In a ruling of first impression affecting state class action litigants, a Manhattan appeals court on Tuesday decided that a former insurance company agent cannot be forced to arbitrate with her employer despite her contract’s arbitration provision.
The 3-2 ruling by the Appellate Division, First Department, panel normally would have struck a blow for employees’ rights to bring collective actions against their employers.
But the detailed analysis in Gold v. New York Life Insurance, 653923/12, is only temporary. The U.S. Supreme Court is expected to decide the same issue in a matter of months, and, in fact, some lawyers on Tuesday were left wondering why the First Department weighed in at all.
“It is somewhat surprising to me that any court would issue a ruling knowing that the Supreme Court is going to resolve this issue in the relatively near time, and that that will be dispositive,” said Jeffrey Schwartz, an Atlanta-based partner at Jackson Lewis who is representing Murphy Oil USA in one of three consolidated cases pending before the Supreme Court on the arbitration/class action lawsuit issue.
“Many courts have been issuing stay orders, pending Supreme Court resolution,” he added.
Nevertheless, in the First Department, at least, the majority’s decision is state law for the time being.
Justices Karla Moskowitz, Rolando Acosta and Angela Mazzarelli ruled that employment arbitration provisions, such as one found in plaintiff Melek Kartal’s contract prohibiting class, collective or representative claims, violate the National Labor Relations Act (NLRA) and are therefore unenforceable.
The ruling brought with it a lengthy dissent by Justices Richard Andrias and David Friedman and, according to the majority’s own decision, the operative ruling on the issue by the U.S. Court of Appeals for the Second Circuit stands in disagreement to its own.
What’s more, the Fifth and Eighth Circuits have also taken opposite positions to the panel’s majority view.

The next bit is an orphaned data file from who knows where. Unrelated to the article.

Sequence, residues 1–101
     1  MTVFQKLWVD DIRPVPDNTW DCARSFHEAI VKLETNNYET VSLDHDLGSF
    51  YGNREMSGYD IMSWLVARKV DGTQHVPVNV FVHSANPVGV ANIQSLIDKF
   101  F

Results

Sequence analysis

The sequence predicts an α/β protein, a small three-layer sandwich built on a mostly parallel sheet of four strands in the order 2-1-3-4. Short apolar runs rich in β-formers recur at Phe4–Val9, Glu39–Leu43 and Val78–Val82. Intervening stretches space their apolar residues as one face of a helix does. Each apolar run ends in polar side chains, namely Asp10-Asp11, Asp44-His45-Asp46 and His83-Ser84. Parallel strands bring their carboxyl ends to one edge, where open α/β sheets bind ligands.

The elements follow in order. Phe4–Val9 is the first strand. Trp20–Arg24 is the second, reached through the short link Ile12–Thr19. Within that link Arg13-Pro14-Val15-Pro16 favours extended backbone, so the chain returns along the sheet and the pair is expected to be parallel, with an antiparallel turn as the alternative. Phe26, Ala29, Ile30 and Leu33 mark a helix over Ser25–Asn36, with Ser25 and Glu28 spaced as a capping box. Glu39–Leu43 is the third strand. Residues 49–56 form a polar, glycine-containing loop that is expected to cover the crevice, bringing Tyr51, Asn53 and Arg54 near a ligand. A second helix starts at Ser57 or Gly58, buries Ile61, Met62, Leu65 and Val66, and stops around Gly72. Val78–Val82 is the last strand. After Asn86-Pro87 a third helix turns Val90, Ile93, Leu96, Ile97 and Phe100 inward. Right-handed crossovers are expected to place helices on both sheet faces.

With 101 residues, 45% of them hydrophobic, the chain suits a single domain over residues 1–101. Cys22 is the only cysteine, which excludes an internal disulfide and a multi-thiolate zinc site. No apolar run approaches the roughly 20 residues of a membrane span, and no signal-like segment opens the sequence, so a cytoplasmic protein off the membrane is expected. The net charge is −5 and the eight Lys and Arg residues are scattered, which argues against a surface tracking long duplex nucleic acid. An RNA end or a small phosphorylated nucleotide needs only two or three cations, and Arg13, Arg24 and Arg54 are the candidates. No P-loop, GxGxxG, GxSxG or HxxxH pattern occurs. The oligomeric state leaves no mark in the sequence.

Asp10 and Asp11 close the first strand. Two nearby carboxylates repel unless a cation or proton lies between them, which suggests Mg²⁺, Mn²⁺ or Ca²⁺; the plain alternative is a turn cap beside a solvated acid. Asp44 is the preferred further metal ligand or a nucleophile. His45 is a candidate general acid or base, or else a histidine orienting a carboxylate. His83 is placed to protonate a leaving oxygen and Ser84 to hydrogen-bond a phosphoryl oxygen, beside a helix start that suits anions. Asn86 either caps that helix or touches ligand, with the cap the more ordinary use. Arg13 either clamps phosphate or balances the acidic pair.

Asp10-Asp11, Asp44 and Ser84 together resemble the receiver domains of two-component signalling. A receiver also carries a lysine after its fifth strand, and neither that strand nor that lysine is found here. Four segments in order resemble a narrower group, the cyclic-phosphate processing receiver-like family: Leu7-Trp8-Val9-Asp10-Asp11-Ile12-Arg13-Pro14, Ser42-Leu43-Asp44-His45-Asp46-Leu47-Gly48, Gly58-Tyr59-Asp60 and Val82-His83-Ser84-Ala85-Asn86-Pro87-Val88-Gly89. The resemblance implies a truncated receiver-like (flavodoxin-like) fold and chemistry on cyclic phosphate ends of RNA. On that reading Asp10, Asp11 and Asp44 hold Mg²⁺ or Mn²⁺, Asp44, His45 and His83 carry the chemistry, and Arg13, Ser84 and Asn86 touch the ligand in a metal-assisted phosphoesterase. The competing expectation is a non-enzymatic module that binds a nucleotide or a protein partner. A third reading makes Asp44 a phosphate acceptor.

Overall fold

But the Seventh and Ninth Circuits have handed down decisions in recent years that the panel found to be soundly reasoned, and that is where the justices hung their hats on Tuesday, especially by citing the Seventh Circuit’s analysis in Lewis v. Epic Systems, another of the three consolidated cases pending before the U.S. Supreme Court.
“The Seventh Circuit … declin[ed] to enforce a clause that precluded employees from seeking any class, collective or representative remedies to wage-and-hour disputes because the clause violated Sections 7 and 8 of the NLRA,” Moskowitz wrote.
“According to the court, Section 7 of the NLRA provided that employees have the right to engage in concerted activities, and concerted activities have long been held to include resort to judicial forums,” she added. “Accordingly, the court held, contracts such as the one at issue were unenforceable under the NLRA because they stipulate away employees section 7 rights or otherwise require actions unlawful under the NLRA.”
Moskowitz said the Seventh Circuit also found the clause was unenforceable under the Federal Arbitration Act, which enforces the principle that illegal promises will not be enforced in cases controlled by the federal law.
The panel picked apart the Fifth Circuit ruling in D.R. Horton v. Nat. Labor Relations Bd., writing that the decision “contains an internal contradiction—on the one hand, the court states that the availability of collective claims under the NLRA cannot fit within the FAA’s saving clause because that requirement creates a scheme inconsistent with the FAA, but at the same time, finds that there is no conflict between the FAA and the NLRA.”
But Andrias, in his dissent, said that in the case before the panel, “Kartal has not met her burden of showing that Congress intended her employment claims to fall outside the FAA,” while noting that “neither the NLRA’s statutory text nor its legislative history contains a congressional command against application of the FAA,” and there is no “inherent conflict between the FAA and the NLRA’s purpose.”
In addition, he said, the right to bring a collective action on behalf of others is a litigation mechanism, and therefore merely a procedural right.
Richard Rosenblatt, a Morgan, Lewis & Bockius partner who represented defendant New York Life Insurance Co. in its lawsuit with Kartal and other plaintiffs, who claimed that they were cheated out of overtime and other payments by the company, said on Tuesday that his client would appeal to the state Court of Appeals on the arbitration issue. But he noted that the U.S. Supreme Court will probably rule before briefing to the Court of Appeals would be done.
John Halebian, a mostly plaintiffs-side class action attorney and partner at Lovell Stewart Halebian Jacobson in Manhattan, represented the plaintiffs. He said that in his day-to-day practice, “this is an extremely important decision by the First Department,” and he added, “I hope it holds up and contributes to when the [U.S.] Supreme Court considers this, I guess in the next term.”
He also said, “It’s an extremely important case because it impacts untold numbers of employees who are laboring under this arbitration class-action waiver clause [in their contracts], which is really stripping them of their rights.”